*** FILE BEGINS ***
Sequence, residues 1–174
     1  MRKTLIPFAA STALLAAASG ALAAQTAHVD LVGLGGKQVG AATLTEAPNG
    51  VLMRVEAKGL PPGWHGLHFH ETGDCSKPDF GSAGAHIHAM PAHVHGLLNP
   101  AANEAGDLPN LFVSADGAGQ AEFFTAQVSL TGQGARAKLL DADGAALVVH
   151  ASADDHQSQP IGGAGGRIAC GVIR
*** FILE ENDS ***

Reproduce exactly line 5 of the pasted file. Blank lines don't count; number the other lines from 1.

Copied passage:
   151  ASADDHQSQP IGGAGGRIAC GVIR